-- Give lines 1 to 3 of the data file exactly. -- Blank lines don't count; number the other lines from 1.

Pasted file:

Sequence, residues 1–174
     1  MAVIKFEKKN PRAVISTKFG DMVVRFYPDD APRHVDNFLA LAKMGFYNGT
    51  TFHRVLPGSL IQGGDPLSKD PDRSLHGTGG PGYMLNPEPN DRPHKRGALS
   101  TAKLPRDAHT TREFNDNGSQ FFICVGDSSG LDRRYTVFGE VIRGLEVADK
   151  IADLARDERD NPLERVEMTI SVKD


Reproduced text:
Sequence, residues 1–174
     1  MAVIKFEKKN PRAVISTKFG DMVVRFYPDD APRHVDNFLA LAKMGFYNGT
    51  TFHRVLPGSL IQGGDPLSKD PDRSLHGTGG PGYMLNPEPN DRPHKRGALS